Accelerate long-gun sales.
There were over 2,617,000 long guns manufactured in the U.S. in 1995. Many dealers Shooting Industry spoke with said while sales have lagged overall in the industry, long guns seem to be holding their own. Stainless models and specialty calibers are continuing to be attractive to shooters and the day of the "one-gun hunter" seems to be on the wane. Most customers want specific long guns for specific chores. Deer hunting, varmint shooting, target shooting and other even more specialized sports often require more specialized equipment. It makes sense to supply it.
After researching the market and interviewing manufacturers, distributors and dealers across the country, a clear picture of rifle and shotgun sales emerged. In a nutshell, as summed up by Mike Prosceno of Remington, "Dealers who are aggressively targeting the market niche in their area are keeping their long-gun sales in the black."
Dealer after dealer brought up two important points. First, being tuned-in to the specifics of your local market can mean the difference between a "going out of business" sale and a "store expansion" event. Stocking up on varmint and deer rifles - even if you can't resist the distributor's price - doesn't make sense in a shotgun-only deer hunting state.
The second, and perhaps most important point, is something many dealers and even distributors are very guilty of trying to stock too many models and calibers in their long-gun departments.
Smith and Wesson was chastised in the early 80s for introducing a "gun of the week" with scores of models available. S&W listened to the complaints, realized the problem and cut their product line drastically. This focused sales. It let dealers cut inventory and helped eliminate the fringe models that took up shelf space and ate up inventory dollars - dollars better spent on stronger sellers.
Casting around today's market shows the numerous SKU trend exists in the long-gun industry. Many manufacturers offer up to 10 or 12 calibers or variations of one basic model. Each one has a different SKU number and each one may be listed as a different model. Many manufacturers or distributors are asking dealers to buy a cross-section of the SKUs in order to get some of the more basic, standard models. This can make it tough on even the larger dealers and a near impossibility for the smaller shops.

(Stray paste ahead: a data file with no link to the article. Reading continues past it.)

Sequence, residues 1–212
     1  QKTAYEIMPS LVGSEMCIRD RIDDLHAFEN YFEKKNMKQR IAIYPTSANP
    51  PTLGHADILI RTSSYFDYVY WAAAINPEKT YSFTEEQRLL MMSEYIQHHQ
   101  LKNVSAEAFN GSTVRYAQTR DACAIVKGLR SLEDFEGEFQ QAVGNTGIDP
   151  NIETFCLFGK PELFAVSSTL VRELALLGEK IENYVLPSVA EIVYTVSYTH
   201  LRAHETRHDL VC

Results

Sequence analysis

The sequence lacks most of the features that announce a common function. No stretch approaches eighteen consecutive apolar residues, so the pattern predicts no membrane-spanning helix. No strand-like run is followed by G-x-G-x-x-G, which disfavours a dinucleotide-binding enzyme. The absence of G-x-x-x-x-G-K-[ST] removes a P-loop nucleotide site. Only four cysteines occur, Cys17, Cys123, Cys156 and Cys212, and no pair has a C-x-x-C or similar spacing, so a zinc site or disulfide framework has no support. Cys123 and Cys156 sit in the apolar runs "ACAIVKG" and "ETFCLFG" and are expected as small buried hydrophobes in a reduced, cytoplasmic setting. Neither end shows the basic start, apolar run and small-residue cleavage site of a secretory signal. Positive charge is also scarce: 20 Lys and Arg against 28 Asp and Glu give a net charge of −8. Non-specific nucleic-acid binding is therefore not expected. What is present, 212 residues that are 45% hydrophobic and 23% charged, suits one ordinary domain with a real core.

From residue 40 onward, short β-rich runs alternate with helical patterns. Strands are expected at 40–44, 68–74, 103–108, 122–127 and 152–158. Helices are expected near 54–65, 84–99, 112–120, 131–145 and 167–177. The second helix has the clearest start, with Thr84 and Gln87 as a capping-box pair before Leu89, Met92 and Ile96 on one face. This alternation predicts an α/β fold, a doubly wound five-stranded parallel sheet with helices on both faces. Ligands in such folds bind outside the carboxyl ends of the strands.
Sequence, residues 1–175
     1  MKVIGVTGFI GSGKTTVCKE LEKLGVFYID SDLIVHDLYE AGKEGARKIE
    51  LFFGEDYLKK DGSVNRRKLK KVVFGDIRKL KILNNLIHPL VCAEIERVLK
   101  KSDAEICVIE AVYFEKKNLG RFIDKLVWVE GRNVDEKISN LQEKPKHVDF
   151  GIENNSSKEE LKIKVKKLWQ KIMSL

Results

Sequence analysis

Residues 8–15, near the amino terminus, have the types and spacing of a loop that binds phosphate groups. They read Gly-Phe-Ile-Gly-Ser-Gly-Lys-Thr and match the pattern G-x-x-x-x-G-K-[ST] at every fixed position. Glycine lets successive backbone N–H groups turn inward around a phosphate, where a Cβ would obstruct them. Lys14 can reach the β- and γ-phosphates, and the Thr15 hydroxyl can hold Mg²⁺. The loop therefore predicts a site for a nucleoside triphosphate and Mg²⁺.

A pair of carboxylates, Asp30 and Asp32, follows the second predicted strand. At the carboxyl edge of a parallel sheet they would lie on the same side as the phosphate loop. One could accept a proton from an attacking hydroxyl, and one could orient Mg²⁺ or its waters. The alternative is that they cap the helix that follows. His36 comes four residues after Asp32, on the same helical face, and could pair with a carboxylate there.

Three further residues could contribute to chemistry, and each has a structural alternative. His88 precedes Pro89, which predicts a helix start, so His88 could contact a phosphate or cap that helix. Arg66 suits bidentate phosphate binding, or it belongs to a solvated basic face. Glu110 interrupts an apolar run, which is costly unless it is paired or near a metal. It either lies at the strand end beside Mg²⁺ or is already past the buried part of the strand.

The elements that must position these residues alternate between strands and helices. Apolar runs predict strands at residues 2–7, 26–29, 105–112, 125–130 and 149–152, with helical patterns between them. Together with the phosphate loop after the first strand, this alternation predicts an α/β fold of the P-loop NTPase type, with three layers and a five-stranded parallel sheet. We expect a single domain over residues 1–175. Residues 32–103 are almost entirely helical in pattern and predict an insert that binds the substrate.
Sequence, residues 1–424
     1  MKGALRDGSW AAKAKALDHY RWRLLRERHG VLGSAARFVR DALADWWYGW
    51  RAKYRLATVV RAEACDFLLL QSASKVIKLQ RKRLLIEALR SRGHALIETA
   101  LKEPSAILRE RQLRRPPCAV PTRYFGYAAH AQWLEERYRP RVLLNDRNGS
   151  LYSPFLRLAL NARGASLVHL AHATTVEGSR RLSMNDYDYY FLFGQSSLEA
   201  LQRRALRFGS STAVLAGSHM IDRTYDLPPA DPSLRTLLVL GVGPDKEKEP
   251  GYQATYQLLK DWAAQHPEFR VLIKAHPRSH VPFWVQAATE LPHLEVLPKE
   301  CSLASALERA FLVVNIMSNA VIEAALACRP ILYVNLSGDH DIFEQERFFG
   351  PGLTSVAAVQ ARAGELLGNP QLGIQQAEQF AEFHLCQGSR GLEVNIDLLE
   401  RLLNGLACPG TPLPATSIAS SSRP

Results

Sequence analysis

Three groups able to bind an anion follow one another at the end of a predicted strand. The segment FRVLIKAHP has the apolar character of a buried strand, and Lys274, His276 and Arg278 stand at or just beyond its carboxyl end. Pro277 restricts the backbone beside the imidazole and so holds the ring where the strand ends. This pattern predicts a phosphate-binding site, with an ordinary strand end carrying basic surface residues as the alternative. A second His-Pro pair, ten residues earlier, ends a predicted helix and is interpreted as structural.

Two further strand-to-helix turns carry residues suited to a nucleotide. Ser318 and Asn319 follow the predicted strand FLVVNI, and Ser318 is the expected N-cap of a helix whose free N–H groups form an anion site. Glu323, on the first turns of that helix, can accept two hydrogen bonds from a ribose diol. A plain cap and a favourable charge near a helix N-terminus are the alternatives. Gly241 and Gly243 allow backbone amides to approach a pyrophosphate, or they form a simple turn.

Scott Brunner of Nationwide Sports Distributors, said he's seen dealers try to handle every imaginable model.
"My advice? Don't get caught up in the SKU war. Keep your inventory market-specific and cater to it. Too many SKUs means storage and display problems, not to mention how are you going to pay for them all? I've seen this situation destroy smaller dealers," Brunner said.
"If I were going to stock a new store in today's market I'd make sure I had some stainless steel models, lightweight rifles in .308, .25-06 and other calibers, slug guns, especially the new Mossberg slug bolt action, other shotguns appropriate for my area and a cross-section of .22s.
Today's Long-Gun Trends
One trend doesn't involve SKU numbers: the lack of young people entering the shooting sports. Many dealers cite the overwhelming media blitz depicting shooting or even owning a firearm as so politically incorrect that even pro-gun families simply don't want the hassle.
Some stores are fighting back by offering "youth days" with special sales on air rifles and single-shot .22s along with reactive targets, as well as youth-sized safety equipment like ear protection. This creates interest at the entry level and can turn airgun shooters into rifle owners a few years down the road.
Price shopping is a trend started by large discount stores. While many dealers complain about trying to compete with the local Wal-Mart, successful dealers are bucking this "price point" trend. By consistently delivering personal service and the kind of knowledge only available at a dedicated gun store, these dealers are proving that Service = Value. When your clerk knows the answer after a customer has already locked horns with "Brett the green-haired surfer" behind the counter at the Mart-Mart, your store has garnered a sale. More important, that customer will be back and will spread the word.
George Romanoff, owner of Ace Sporting Goods in Washington, Pa., represents what today's dealer needs to do to compete. His aggressive marketing and careful tracking of sales has put his store on top of meeting customer needs.
"Oddly enough, we've found that long guns chambered in unusual calibers, like .257 Roberts sell well - usually to customers who are already shooters and reloaders. These kinds of guns help to keep your long-gun department interesting to the browser," Romanoff said.